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Last Saturday Tyson Fury beat Deontay Wilder, winning the World Boxing Council (WBC) heavyweight crown. Boxing is a more complex sport than it looks like – behind every punch, there is a carefully crafted strategy to beat the opponent.
If you have ever watched a boxing match you will understand how it feels when you have to choose software for your company for the first time – when you are looking to make a decision for the first time it can feel a bit like being in a boxing match, two opponents in the ring looking to win.
You then find yourself having to make a decision between software-as-a-service (SaaS) and on-premise, and most of the time don’t understand what each does – or which one is more suited to your business. Do I need it to be hosted in the cloud or in my premise? Do I want to pay a one-off fee or a subscription? Do I want to have full control over it or should it be handled for me?
Implementing new software is not an easy task. Today there are a number of options available in the market, both on-premise and SaaS, and can get a bit overwhelming when deciding which one is better suited for your business. In this article, we’ll look at both and examine the advantages and disadvantages of each one.
On-premise vs cloud: What are the differences?
SaaS is defined by Gartner as “the software that is owned, delivered and managed remotely by one or more providers.”
This means that the software is not physically at your office and is hosted in the cloud. The software provider offers users the infrastructure and the applications that they will need to perform the work. In a nutshell, you only need an internet connection to log in and access the applications needed (CRM, ERP, etc) via the internet. This option is normally subscription-based (usually 12 months).
On-premise software is installed on a company’s on-site servers and requires the company to purchase the license to use it, normally this is a one time fee. A good example of this is Microsoft Office, you can purchase the license to use it and store it on your internal servers. Traditionally this was the only option you had but a few years ago, Microsoft launched Office 365, the cloud version of the Office package, giving customers two options.
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The right option for your business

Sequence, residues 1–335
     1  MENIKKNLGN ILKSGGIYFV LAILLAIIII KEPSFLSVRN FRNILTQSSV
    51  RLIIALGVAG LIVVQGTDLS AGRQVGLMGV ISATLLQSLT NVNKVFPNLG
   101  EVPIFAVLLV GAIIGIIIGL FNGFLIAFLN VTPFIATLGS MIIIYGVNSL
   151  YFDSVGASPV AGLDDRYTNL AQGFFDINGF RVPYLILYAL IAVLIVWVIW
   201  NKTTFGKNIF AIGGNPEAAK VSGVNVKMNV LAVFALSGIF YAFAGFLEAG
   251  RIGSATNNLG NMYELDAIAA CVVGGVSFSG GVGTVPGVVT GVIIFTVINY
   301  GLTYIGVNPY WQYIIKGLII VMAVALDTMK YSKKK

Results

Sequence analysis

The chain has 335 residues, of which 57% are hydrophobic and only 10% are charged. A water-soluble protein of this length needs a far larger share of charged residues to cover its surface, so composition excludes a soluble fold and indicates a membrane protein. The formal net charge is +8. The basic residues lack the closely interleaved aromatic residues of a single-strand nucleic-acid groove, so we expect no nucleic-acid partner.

As previously mentioned, when looking to implement new software, this being CRM, ERP or any other, there are normally the SaaS and the on-premise options. It’s important to be aware of the advantages and disadvantages of each one before making a decision. As it will depend on the needs of your business as well as the longer-term usability.
Below we have listed the main factors to take into consideration when deciding between on-premise and SaaS.
Both differ greatly in how they are installed and the resources needed. For example, the implementation of cloud-based software is faster since there isn’t hardware to be installed and you just need an internet connection. You only need to pay a monthly subscription and you are practically ready to go since the support and the hosting is provided by the vendor.
Installing on-premise software is a long process as you need to make sure it is installed and in all the company computers – this also means it can’t be normally accessed outside the company grounds.
Typically, on-premise software installation requires an internal IT team that can take care of the installation and maintenance of the software, something that is not needed with the SaaS option as this is handled by the provider and included in the subscription.
Perhaps one of the most decisive factors when choosing software. The key differences are that with SaaS you will be paying a 12-month subscription fee as opposed to a one-off fee to purchase a license for on-premise software.
This is linked to hardware access since on-premise software could be breached through physical means such as people breaking into your offices or through digital techniques such as phishing.
With SaaS, this is managed by the provider at the cloud. Both on-premise and SaaS options can be vulnerable to attacks, but cloud providers take strict measures to ensure that data is not just in one place. Cloud providers such as Amazon Web Services (AWS), Google or Microsoft don’t have its data centres in just one place, they spread them in different locations, called regions. This means that within those regions they have a number of data centres, ensuring that the client data is not just in one location.
So if this was a ‘SaaS vs On-Premise’ match, you know that the ultimate goal is to make a decision but you need to be very strategic in each round to make sure you win the round and the match by choosing the right software for your company.
Choosing software can be a daunting decision, and there are many factors to take into account such as your resources and also your long term goals. We have over 800 software categories on our site, from CRM to ERP Systems and HR software.